Lawton selects other applicant for post, but it doesn’t mean Flora is fired.

Last updated: April 06. 2013 12:02AM - 4538 Views
By - jandes@civitasmedia.com - (570) 991-6388

Luzerne County chief public defender Al Flora presents his office's budget to Luzerne County Council at EMA Headquarters in Wilkes-Barre on Tuesday night.  BILL TARUTIS/FOR THE TIMES LEADER
Luzerne County chief public defender Al Flora presents his office's budget to Luzerne County Council at EMA Headquarters in Wilkes-Barre on Tuesday night. BILL TARUTIS/FOR THE TIMES LEADER
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Attorney Al Flora won’t remain in charge of the Luzerne County Public Defender’s Office if council confirms the county manager’s nomination of attorney Steven M. Greenwald as chief public defender, but Flora isn’t technically being fired.

Flora could continue working in the office in a non-union “assistant public defender” position at his current salary of $52,178. That position originally was labeled as a secondary “chief public defender” in the 2013 budget, but council changed the name to “assistant” to eliminate confusion that this person also would be in charge.

Flora’s employment status could be an issue because of his pending litigation against the county, which argues the constitutional rights of indigent criminal defendants are being violated because of funding-driven staffing shortages.

He also filed a federal court action seeking an injunction prohibiting the county from firing him for filing the county suit. However, he halted that action last April after county officials agreed they would not seek to fire him.

The agreement reached between the parties acknowledged Flora was acting chief public defender pending Lawton’s decision on who to appoint to the position permanently. The stipulation also said Flora is not in “imminent danger of termination” and won’t be subjected to any retaliatory “adverse employment action.”

Flora, who had applied for the chief public defender position, declined comment Friday on county Manager Robert Lawton’s recommendation to appoint someone else to head the office. Flora cited the pending litigation as the reason he couldn’t comment.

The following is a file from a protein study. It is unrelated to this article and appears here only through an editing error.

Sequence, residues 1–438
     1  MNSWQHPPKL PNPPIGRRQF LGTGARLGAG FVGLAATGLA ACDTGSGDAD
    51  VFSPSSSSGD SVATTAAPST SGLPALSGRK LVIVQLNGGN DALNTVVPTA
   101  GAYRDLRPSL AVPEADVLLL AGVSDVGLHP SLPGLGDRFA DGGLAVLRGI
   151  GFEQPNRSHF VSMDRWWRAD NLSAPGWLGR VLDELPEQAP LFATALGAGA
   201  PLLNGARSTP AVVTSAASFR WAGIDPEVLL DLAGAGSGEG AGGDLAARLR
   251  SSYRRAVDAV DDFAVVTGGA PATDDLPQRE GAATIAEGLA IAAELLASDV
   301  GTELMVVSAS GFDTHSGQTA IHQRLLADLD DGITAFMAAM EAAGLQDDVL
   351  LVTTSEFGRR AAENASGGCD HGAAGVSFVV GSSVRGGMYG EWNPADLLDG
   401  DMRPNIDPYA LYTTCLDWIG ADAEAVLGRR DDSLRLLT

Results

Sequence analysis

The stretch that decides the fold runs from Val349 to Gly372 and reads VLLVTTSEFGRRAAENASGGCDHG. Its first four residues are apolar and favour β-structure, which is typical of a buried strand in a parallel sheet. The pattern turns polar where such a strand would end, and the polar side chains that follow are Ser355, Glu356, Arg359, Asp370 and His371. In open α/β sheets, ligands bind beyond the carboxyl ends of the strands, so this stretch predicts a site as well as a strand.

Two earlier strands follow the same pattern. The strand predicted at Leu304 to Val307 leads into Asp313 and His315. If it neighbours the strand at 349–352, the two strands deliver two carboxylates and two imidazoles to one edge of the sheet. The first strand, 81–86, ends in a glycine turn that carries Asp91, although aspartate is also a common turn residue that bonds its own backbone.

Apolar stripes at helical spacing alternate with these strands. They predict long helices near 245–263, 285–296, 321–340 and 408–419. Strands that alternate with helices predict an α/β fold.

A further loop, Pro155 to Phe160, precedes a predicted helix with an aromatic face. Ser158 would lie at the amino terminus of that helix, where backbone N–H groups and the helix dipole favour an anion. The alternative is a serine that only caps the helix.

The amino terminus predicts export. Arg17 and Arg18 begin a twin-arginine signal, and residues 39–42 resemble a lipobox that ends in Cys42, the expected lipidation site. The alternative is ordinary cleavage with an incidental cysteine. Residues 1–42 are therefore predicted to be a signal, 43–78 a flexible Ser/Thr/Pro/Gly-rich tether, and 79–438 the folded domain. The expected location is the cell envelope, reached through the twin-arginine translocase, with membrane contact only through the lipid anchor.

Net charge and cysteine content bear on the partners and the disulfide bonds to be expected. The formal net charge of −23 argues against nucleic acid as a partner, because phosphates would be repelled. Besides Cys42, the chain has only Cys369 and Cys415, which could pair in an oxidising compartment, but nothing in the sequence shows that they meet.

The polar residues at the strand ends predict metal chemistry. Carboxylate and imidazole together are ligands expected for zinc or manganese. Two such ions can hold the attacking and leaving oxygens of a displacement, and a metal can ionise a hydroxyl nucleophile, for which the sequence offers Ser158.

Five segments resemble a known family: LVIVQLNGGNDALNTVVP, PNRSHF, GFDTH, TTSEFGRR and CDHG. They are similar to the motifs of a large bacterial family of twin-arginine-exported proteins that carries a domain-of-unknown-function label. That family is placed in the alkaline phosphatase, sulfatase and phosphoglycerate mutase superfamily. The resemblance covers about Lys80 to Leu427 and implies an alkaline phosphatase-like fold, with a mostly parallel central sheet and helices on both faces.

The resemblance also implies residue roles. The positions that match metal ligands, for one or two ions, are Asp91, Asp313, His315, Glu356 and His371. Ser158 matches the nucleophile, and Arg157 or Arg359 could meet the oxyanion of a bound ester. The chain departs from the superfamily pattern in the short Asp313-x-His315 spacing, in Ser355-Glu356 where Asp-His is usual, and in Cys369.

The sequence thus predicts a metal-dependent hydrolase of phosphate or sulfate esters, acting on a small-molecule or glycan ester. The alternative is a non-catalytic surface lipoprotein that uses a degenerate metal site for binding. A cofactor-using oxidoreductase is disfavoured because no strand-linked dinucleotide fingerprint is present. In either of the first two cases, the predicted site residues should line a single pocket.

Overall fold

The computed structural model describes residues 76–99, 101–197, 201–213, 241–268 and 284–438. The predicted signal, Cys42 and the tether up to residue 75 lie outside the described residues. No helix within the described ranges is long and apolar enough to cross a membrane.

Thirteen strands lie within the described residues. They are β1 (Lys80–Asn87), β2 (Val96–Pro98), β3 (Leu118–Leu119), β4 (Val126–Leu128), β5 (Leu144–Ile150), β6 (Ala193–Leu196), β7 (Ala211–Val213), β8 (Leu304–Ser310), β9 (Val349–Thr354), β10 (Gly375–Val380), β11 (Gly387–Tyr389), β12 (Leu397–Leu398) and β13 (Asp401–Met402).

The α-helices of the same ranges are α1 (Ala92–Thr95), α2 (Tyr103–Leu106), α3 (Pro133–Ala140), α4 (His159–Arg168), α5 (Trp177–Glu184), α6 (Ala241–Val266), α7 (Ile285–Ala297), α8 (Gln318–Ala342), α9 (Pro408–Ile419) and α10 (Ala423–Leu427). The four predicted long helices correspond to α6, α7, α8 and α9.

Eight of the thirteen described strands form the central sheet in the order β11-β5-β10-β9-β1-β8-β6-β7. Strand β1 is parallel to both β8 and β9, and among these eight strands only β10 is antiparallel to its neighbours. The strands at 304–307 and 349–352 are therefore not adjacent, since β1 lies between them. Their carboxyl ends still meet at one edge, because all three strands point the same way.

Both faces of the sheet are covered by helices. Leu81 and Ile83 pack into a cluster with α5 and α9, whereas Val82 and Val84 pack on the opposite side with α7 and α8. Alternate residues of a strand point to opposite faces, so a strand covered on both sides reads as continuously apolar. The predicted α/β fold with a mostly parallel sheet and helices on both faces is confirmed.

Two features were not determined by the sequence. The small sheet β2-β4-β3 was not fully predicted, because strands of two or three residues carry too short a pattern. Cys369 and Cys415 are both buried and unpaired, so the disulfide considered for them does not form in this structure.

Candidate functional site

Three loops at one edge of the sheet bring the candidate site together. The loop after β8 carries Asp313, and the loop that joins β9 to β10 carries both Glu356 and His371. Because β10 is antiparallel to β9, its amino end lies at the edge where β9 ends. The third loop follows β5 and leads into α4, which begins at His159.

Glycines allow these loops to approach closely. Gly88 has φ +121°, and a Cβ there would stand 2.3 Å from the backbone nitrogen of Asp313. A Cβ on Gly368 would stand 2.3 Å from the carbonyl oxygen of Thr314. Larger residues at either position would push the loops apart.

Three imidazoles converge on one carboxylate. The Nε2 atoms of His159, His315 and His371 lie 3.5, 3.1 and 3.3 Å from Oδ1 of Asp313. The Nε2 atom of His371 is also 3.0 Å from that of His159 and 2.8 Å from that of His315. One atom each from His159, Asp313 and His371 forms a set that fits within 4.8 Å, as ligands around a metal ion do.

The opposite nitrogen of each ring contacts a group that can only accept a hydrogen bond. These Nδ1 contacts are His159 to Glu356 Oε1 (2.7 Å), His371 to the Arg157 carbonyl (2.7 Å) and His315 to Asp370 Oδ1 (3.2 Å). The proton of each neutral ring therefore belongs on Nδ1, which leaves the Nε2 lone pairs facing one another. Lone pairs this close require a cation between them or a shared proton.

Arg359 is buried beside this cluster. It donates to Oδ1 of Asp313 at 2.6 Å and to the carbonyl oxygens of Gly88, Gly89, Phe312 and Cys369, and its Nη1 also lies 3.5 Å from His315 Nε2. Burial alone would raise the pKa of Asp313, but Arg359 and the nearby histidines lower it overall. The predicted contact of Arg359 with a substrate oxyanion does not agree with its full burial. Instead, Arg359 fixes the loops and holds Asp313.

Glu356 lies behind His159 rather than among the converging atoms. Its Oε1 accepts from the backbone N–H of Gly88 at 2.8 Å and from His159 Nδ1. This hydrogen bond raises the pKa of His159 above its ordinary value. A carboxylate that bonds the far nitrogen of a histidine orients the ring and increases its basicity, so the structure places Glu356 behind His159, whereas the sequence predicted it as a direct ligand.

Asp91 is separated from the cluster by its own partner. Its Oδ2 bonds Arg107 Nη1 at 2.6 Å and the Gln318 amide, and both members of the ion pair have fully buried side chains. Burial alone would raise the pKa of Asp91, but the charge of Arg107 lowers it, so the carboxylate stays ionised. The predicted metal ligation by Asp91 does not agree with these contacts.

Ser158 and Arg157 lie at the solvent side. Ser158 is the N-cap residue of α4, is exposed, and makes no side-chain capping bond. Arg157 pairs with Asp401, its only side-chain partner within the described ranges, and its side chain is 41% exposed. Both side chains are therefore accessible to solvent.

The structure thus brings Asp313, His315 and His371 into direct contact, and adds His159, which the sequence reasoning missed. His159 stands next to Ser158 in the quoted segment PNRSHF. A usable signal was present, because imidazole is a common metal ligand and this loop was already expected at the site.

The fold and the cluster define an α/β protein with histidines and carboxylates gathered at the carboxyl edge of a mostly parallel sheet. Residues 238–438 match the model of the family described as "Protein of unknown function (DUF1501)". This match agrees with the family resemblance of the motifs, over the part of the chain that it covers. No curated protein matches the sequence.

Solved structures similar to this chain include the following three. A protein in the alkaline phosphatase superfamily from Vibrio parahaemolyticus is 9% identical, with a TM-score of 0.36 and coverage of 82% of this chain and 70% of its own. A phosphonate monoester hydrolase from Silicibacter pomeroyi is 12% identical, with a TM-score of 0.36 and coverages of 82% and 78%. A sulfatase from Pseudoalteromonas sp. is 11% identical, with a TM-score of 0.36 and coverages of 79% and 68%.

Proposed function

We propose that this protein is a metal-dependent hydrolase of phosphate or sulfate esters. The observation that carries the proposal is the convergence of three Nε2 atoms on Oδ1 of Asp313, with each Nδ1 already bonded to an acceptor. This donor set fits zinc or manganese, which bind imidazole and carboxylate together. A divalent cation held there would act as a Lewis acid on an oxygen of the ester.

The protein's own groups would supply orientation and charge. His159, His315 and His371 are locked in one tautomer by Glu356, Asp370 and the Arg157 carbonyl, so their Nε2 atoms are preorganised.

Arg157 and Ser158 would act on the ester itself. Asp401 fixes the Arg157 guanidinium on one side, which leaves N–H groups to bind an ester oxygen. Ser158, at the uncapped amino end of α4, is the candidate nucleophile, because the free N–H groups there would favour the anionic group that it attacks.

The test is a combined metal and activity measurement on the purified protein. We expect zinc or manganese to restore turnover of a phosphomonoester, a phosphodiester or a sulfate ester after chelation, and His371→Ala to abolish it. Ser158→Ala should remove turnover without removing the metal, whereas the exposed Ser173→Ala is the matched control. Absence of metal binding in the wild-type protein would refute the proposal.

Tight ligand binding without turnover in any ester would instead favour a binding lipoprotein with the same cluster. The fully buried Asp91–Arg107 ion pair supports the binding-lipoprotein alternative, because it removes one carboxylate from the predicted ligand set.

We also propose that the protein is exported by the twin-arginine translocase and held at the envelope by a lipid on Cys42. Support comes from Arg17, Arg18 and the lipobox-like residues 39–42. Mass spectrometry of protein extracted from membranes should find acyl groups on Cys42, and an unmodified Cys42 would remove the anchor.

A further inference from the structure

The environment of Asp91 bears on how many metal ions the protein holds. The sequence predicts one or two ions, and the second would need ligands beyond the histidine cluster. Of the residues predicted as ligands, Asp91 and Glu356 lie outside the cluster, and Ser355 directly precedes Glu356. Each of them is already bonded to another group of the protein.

Flora’s attorney, Kim Borland, also declined comment.

Lawton praised the qualifications of Greenwald and declined to discuss Flora.

Flora is scheduled to publicly present an annual report on the public defender’s office budget, caseloads and staffing at Tuesday’s council meeting.

Lawton has asked council to vote on Greenwald’s appointment to the $90,000 chief post at Tuesday’s meeting. It’s among eight division head posts created by home rule.

Flora’s litigation over office staffing has been scheduled for trial June 24. A county judge will decide if additional employees are warranted.

John Dean, the county’s outside attorney, recently said a consultant reviewed prior court transcripts in the case and “already believes the office is properly staffed.”

The office has a $2.7 million budget this year, compared to $2.5 million in 2012. The budget provides funding for 40 positions, including 24 full- and part-time assistant public defenders.

Flora said last month he can’t detail what additional positions he’s seeking because of the pending litigation, though he maintained the office is “still faced with overwhelming caseloads” totalling about 4,000 annually.

The office must defend low-income clients who request representation for misdemeanor or felony charges. It also handles juvenile and state parole cases and represents people facing involuntary commitment to mental-health facilities and criminal contempt in protection-from-abuse cases, he said.

Flora’s legal battle over staffing was highlighted in a front-page USA Today article published last month on the 50th anniversary of a Supreme Court ruling granting the indigent the constitutional right to a lawyer. Flora’s litigation has prompted some area residents to regularly complain about him and seek his dismissal at public council meetings.

Council members are pushing legislators to fund the office, saying Pennsylvania is the only state that doesn’t allocate funds for indigent defense at the county court level. However, they are not expecting results because the state has refused to fully comply with a mandate to fund county court systems, and public defender’s offices weren’t part of that requirement.

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